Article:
Untitled: Women’s Work is both scholarly art and artistic research using narrative inquiry, dance and film as research methods. The research looks at the embodied experience of a group of women in the work place. Methodology for this research was to use an embodied approach across the whole research process from dancing with participants as part of the date collection process, to using choreographic tasks to analyze the data and finally using dance and film to disseminate the ‘findings’.
The research looked at the lived experience of women living and working in the Flint and Detroit areas, USA. It is an attempt to take the body and bodily experiences ‘seriously’ when we research. The research took the position that embodiment is a methodology and method for understanding the narratives of the women’s work and what makes a ‘good’ job. I saw dance and visual images as a language for communication of the ideas the research uncovered.
Data collection asked women participants what they considered makes a good job along with collecting their memories of their own working experiences (this was done through dancing together and verbal interviews). Analysis drew out two themes: relationships (developed and negotiated in the situation of work and Self), and rhythms (of Self and work institution). Initial findings presented here suggest the continual establishment, disruption, negotiation and maintenance of rhythms and relationships in the work place has an impact on what makes a ‘good’ job.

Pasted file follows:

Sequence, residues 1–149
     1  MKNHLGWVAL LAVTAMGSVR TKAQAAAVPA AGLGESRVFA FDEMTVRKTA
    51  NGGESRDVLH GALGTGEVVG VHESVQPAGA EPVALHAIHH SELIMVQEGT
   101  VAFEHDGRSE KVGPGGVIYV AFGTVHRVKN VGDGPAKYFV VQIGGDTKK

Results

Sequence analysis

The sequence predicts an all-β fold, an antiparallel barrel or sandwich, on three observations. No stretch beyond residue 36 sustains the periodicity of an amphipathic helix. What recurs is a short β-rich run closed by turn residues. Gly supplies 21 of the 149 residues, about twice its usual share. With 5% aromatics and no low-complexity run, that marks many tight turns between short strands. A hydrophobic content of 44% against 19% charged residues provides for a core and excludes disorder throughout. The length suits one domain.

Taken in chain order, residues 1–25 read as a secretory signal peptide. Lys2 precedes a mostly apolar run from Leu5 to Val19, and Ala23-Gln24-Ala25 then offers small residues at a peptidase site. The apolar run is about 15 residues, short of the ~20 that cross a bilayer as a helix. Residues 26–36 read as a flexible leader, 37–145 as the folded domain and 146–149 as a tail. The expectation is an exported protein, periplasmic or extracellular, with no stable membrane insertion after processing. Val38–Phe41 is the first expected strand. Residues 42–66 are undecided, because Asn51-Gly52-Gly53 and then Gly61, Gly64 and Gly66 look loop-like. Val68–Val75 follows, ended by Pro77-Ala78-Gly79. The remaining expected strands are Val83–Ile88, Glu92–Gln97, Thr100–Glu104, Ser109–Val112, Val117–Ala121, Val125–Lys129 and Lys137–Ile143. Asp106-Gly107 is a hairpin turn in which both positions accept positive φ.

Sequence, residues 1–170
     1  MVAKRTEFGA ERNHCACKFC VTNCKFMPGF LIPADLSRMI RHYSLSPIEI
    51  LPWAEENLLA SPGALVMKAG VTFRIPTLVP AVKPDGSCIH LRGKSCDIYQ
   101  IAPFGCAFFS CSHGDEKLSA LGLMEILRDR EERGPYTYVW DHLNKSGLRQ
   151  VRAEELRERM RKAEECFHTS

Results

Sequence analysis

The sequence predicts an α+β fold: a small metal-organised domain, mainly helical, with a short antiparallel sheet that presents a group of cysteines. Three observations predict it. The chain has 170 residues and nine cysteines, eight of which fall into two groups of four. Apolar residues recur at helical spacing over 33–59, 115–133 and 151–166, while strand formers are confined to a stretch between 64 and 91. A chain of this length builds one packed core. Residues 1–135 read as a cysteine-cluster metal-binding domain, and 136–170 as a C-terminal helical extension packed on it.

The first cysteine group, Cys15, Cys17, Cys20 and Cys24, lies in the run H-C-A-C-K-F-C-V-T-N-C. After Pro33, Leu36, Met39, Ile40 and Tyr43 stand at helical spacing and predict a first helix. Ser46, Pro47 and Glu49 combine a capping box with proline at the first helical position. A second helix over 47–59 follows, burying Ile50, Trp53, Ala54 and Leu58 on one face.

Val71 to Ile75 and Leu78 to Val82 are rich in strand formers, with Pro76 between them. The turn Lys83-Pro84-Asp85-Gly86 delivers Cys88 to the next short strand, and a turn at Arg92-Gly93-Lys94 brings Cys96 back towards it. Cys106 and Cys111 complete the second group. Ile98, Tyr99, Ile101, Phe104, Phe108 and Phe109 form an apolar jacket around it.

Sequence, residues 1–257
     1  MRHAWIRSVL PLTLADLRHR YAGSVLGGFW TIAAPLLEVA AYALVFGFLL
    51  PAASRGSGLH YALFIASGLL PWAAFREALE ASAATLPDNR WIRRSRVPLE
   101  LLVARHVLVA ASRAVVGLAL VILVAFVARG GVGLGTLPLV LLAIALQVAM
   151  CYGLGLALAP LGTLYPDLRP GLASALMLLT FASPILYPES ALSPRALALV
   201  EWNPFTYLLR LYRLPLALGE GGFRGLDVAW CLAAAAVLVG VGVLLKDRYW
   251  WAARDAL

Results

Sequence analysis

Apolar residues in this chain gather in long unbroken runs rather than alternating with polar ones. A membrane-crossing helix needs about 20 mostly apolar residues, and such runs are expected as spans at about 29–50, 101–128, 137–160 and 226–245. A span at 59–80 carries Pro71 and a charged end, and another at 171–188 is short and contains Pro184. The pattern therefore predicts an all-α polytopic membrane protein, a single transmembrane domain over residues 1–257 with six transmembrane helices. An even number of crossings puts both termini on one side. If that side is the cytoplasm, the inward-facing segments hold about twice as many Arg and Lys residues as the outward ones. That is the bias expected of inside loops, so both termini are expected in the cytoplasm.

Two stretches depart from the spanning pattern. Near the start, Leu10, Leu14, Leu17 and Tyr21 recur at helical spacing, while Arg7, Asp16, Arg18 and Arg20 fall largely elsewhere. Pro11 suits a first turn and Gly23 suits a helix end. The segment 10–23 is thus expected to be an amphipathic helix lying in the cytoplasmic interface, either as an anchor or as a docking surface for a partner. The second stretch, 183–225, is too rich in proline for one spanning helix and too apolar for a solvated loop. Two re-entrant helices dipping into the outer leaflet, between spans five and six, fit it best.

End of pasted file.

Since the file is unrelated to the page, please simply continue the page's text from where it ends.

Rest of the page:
The research is part of my on-going study of how an embodied approach to the lived experience (based of Pragmatist and Phenomenological principles that place bodily experience as central to meaning making) can be embedded into the whole research process. This challenges ‘traditional’ research methods, that it could be argued, place the body as an add-on to text-based theory even when the research subject it self is about people's experiences.